Contested Utah law could impact contact lens industry
SALT LAKE CITY (AP) — A law banning price-fixing for contact lenses that took effect this week in Utah is a setback for the nation's largest manufacturers that could have ripple effects across the country amid an increasingly bitter fight with discount retailers.
The new law appears to clear the way for the largest online discount seller, Utah-based 1-800 Contacts, to disregard minimum prices set by the lens makers and sell at a discount across state lines, said Steve DelBianco, executive director of the Internet sellers trade group NetChoice.
"That's good for consumers, who pay less for their lenses when they buy from Utah suppliers," he said in an email message. But contact lens manufacturers Johnson & Johnson, Bausch & Lomb and Alcon Laboratories disagree, and the measure is still in legal limbo. They call the law an unconstitutional overreach written specifically to bolster the Utah-based 1-800 Contacts and are fighting it in court.
Utah officials, meanwhile, have been vague on whether it will allow Utah companies to sell at discounted rates to customers outside the state. 1-800 Contacts said they plan to lower their prices, but did not respond to questions from The Associated Press about whether that would apply to customers outside the state. As of Wednesday afternoon, the price for a 12-pack of the popular Acuvue Oasys brand hadn't changed.
At stake is control of a roughly $4 billion market with some 38 million American customers, according to court papers. Many contact lens sales come from eye doctors, who issue prescriptions that are brand and model specific, but discount retailers have been growing in recent years. 1-800 Contacts has captured about 10 percent of the national market, court documents state.
The manufacturers say that the minimum prices protect eye doctors, allowing the professionals to talk to their patients about the right lenses for them without having to worry about prices.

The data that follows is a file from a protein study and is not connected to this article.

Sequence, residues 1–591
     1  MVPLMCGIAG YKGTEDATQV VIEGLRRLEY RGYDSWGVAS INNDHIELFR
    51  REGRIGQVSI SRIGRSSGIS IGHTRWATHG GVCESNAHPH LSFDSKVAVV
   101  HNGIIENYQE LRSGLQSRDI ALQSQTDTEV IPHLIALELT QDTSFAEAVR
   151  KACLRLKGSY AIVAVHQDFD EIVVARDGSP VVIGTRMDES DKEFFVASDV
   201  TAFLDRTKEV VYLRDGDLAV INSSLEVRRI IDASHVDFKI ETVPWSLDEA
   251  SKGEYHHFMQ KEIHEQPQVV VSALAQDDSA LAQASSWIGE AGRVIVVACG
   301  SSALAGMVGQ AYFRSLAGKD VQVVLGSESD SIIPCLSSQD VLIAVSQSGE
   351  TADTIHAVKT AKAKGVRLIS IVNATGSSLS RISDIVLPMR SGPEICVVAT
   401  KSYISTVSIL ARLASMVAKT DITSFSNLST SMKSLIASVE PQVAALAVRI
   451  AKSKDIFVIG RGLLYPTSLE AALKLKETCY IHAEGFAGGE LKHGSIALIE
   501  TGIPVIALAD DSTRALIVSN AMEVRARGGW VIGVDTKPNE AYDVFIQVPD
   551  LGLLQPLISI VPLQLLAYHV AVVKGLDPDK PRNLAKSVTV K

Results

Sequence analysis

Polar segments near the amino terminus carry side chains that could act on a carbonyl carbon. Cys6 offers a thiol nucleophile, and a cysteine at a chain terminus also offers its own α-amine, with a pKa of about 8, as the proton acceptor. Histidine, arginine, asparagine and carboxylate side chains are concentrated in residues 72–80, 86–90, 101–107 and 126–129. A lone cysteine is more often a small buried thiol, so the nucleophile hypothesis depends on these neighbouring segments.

"There is no need to shop around for a better price," Johnson and Johnson company attorneys wrote. The American Optometric Association said in a statement Wednesday that going to the doctor for lenses also helps keep people's eyes safe.
But the discounters say that the minimum prices hurt customers by making lenses more expensive. The discount giant Costco says the manufacturer's minimum price rules forced them to raise prices by more than 20 percent on some brands. Prices on the popular Acuvue Oasys brand increased from about $52 for a 12-pack to about $68 last year, according to court papers.
On Monday, a federal judge sided with Utah and discount companies when he refused to block the law from going into effect the following day. U.S. District Judge Dee Benson said it appears to be a legal antitrust measure designed to keep the manufacturers from squelching competition with the minimum prices.
The minimum price rules have also drawn ire elsewhere, sparking 40 class action lawsuits across the country and scrutiny from Congress since the manufacturers started setting them about two years ago, according to Monday's ruling. Nine states have considered similar legislation similar to that passed in Utah.
The manufacturers are appealing Benson's ruling to the 10th Circuit Court of Appeals in Denver.
A constitutional law expert said Wednesday that the law doesn't appear to run afoul of interstate commerce rules because it bolsters competition rather than protects a local company.
"This is just garden variety economic regulation," said Richard Primus, professor of law at the University of Michigan. The potential penalty in the law appears to be more legally complicated, though. The law allows the state's attorney general to file a civil action against a contact lens manufacturer if they refuse to sell to a Utah retailer that sells the product too cheaply.
"I don't see how Utah has the power to do that," said Primus.
Utah state attorney Parker Douglas said it's not yet clear how the law will be enforced.